Kirk Wu

Headshot of Kirk Wu


KU major: Mechanical Engineering, Class of 2014

Current occupation: Graduate Student

Research mentors while at KU: Dr. Kenneth Fischer, Mechanical Engineering, Dr. Larry Martin, Ecology and Evolutionary Biology

Describe the undergraduate research experience that you had while at KU:

A: Under the mentoring of Dr. Kenneth Fischer, this research project tested a hypothesis of Dr. Larry Martin’s (Professor of Ecology and Evolutionary Biology at the University of Kansas) that the eye socket structure and opening for the optical nerve in the skeletal remains can be used to accurately determine the natural head angle/position for a range of extant animal species. The first step of the project was to test the validity of the aforementioned hypothesis through digitizing extant animal skulls. Once the digital models of the skulls were established, for each animal skull, the centers of the eye optical nerve openings and the centers of the eye sockets created a plane. The second step was to set this plane parallel to the ground, and superposition the pictures of the corresponding animal's known most natural position onto this digital model; deviations between the picture and the digital model were observed. No significant deviations were found for the animals digitized during the time of research, preliminarily proving the hypothesis. The results were presented at the Undergraduate Research Symposium. Further research could more conclusively prove the hypothesis and as a result, applying this finding to determining the natural head positions of the already distinct animals. The implication includes helping us in understanding what these animals looked like, and potentially infer their behaviors as well as the effect of environmental change on their body structure.


Q: What do you think was the most important thing you learned while doing undergraduate research? 

A: As an undergraduate researcher, I was exposed to the methodology of science work. Skills and ways of thinking learned during this project became the first cornerstone in building my professionalism. Participation in research activities relatively early in my academic career made me better prepared for future challenges, whether in my study or work.


Q: What advice do you have for undergraduates who might be interested in doing research or creative scholarship?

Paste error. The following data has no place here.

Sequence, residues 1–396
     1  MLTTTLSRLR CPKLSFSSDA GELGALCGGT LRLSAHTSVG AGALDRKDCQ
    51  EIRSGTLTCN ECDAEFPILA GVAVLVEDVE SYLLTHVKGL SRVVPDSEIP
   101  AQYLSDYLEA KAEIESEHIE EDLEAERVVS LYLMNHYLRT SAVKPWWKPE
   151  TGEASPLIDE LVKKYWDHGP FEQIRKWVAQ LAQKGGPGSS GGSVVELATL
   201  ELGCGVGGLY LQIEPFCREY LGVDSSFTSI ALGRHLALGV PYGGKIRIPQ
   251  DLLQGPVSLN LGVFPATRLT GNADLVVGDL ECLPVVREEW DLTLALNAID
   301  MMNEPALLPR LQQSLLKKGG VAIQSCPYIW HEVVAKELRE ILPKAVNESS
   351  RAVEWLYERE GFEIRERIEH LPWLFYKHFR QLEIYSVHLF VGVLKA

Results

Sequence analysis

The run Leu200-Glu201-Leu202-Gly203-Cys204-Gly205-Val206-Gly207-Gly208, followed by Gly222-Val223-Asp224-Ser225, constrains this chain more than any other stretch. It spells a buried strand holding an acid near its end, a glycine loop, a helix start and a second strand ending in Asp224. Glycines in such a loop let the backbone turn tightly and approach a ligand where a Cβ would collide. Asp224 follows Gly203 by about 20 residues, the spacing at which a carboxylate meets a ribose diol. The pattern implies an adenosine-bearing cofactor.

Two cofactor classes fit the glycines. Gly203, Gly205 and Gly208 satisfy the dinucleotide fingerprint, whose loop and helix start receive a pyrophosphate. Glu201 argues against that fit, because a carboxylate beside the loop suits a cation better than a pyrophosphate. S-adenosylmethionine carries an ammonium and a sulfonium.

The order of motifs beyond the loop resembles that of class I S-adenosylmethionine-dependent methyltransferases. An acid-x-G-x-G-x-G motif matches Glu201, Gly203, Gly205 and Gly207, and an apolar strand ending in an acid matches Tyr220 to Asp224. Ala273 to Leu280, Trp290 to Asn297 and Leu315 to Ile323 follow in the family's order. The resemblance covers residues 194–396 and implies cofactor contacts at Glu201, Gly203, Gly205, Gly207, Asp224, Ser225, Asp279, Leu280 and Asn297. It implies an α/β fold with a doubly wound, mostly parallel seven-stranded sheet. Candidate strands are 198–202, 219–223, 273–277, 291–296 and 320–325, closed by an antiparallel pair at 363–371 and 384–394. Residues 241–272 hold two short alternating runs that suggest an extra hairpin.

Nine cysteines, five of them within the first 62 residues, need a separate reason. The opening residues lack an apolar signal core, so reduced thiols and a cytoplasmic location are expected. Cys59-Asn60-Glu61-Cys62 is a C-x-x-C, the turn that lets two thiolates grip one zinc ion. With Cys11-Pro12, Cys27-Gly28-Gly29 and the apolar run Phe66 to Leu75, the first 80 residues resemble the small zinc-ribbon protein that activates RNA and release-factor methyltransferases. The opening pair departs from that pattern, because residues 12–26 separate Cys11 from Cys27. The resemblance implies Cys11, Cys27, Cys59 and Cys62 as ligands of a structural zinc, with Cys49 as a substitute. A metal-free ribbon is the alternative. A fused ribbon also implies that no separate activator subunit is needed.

A: Although it is important to be able to work on a project that is aligned with your interest, I would highly recommend finding any research project that you can get your hands on, for the methodology used is the same in all research activities. The observation and learning of the methodology outweigh anything else. Being able to experience and gain these skills will set you apart from the rest of the student body and prepare you for whatever you are interested in doing, be it academic or in the field.


Q: Do you use any of the skills or perspectives gained doing research in your current occupation?  How so?

A: Yes. Under the careful mentoring of the two professors, I was able to mature from a young student who had been only exposed to the world of study-exam, to a young professional/researcher that can approach real-world problems that have not been dealt with before, with confidence and thorough planning. The undergraduate research program has been the first step in me becoming a true professional. The scientific way of thinking and approaching problems have made me successful in my later studies and work.


Q: Many undergraduate researchers are making decisions about what to do after they graduate from KU. Having been in those shoes, what do you know now that you wish you’d known then? Do you have any advice?

A: Indeed, having lived on three continents and went to universities on two I understand the world and the choices it offers can be overwhelming. Here I would like to quasi-quote a professor in psychology. He said metaphorically we can understand the world as being composed of the known and the unknown, just like the Yin-Yang symbol. He proposes that the best way to approaching the world is having one foot in the known and the other discovering the unknown. Time is a limited thing. While you are young, do not be afraid of the chances the world is giving you. Go out there and create life and character, but always make sure to keep one foot in the known, strive for that balance. Once you've built your character and your understanding of the world, the answers to the question of direction will come automatically.